Riders to the Sea by the Irish playwright J.M Synge is a one act drama, which in essence is a tragedy, yet an unusual one. Unlike in traditional tragedies, the hero(ine) of the play does not put up (or even stand) a fighting chance, but undergoes a character transformation, which is more tragic than the demise of a hero.
Maurya, the main character, is an old woman. Yet, most importantly, she is a mother; a mother of six sons who had all perished in the sea. She had had a difficult time bringing them up, as her husband was also a victim of the sea. Maurya has undergone a great deal of suffering, which makes her an anxious mother during the first half the play.
Like any mother, she too is protective. However, in Maurya's case her protectiveness borders on paranoia. This is evident in her words when Bartley is about to leave for the sea.
"He won't go this day with the wind rising from the south and west. He won't go this dayÃ¢ÂÂ¦."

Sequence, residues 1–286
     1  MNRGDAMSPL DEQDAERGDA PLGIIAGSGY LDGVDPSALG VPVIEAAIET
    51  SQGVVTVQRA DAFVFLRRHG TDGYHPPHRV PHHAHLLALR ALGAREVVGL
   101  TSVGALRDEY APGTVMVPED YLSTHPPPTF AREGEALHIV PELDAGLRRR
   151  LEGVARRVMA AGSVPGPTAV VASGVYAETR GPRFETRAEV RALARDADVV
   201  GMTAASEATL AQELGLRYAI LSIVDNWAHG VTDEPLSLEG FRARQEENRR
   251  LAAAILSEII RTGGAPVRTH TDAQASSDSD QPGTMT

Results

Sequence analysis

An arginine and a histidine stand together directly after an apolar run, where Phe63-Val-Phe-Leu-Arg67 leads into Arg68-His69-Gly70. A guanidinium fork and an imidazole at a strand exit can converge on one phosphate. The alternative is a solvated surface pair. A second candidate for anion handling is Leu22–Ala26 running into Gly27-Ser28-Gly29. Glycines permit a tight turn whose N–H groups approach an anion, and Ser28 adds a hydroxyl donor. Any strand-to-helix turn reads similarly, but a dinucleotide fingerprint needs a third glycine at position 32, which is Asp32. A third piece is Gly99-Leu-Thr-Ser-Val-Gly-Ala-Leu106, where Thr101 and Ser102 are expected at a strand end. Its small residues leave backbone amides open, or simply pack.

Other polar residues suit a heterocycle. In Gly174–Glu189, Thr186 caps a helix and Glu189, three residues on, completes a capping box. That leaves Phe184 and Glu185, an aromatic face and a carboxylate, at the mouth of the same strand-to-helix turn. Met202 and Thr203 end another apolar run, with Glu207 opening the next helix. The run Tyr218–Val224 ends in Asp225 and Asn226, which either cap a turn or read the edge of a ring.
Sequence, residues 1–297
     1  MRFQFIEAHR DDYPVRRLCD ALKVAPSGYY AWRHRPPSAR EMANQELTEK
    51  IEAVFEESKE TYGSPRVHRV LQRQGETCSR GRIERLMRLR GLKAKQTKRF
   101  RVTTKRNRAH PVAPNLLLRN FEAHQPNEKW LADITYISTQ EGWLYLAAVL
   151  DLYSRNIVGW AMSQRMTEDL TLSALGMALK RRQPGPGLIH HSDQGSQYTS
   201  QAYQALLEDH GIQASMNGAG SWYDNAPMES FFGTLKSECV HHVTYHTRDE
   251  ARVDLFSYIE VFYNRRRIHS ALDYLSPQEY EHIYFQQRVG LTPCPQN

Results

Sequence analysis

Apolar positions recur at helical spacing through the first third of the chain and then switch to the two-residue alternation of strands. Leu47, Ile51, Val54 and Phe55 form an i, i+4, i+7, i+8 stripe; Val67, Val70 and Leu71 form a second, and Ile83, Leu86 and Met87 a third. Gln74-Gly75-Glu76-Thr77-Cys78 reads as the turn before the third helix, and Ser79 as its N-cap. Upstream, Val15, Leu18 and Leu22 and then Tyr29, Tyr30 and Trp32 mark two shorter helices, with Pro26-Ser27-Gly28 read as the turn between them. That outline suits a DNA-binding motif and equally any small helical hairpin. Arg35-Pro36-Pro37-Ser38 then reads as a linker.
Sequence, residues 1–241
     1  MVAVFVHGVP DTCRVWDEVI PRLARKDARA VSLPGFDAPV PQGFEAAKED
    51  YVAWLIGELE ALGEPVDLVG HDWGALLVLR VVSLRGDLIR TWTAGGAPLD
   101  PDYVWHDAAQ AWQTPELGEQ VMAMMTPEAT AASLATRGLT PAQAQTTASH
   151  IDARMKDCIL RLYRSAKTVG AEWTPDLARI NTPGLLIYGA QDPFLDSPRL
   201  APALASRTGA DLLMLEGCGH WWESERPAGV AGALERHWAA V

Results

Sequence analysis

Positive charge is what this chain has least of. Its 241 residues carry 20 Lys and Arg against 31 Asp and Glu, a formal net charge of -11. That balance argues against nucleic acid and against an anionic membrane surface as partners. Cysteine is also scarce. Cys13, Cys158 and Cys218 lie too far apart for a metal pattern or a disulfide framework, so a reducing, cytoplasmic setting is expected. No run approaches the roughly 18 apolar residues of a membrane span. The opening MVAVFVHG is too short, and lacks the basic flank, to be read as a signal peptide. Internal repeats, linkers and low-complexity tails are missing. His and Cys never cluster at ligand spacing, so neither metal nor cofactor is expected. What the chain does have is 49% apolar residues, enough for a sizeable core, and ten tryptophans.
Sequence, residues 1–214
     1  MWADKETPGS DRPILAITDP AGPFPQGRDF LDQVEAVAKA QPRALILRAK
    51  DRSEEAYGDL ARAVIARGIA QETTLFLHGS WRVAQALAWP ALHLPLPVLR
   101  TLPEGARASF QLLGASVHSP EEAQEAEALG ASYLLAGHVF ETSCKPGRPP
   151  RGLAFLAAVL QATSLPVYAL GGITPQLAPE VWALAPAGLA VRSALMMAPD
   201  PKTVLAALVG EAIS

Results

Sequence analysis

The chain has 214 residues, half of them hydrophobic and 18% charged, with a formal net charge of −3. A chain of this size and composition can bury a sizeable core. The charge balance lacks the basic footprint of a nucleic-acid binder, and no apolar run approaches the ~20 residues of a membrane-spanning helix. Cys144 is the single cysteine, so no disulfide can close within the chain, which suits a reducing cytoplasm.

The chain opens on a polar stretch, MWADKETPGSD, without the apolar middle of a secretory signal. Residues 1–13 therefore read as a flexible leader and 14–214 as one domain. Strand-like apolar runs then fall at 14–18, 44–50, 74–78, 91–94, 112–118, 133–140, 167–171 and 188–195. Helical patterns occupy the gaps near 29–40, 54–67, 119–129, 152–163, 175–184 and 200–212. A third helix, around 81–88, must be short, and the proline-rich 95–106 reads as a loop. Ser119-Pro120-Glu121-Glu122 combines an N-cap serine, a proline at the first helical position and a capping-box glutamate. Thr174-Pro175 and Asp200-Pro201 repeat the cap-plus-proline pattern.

And even though her daughters find her fear to be ravings of "an old woman", they are not without reason. She seems to have the "sixth sense" that mothers have regarding her children, as she sees the vision of Michael riding behind Bartley as he goes off to sea, which is a forewarning of the impending death of Bartley.
"What is the price of a thousand horses against a son where there is one son only?"
Maurya is not concerned about economic interests of life when it comes to family concerns. Like a typical mother, she is oblivious to material aspects of life when opposed to the well-being of her family. She would much rather the family starve for a few days than...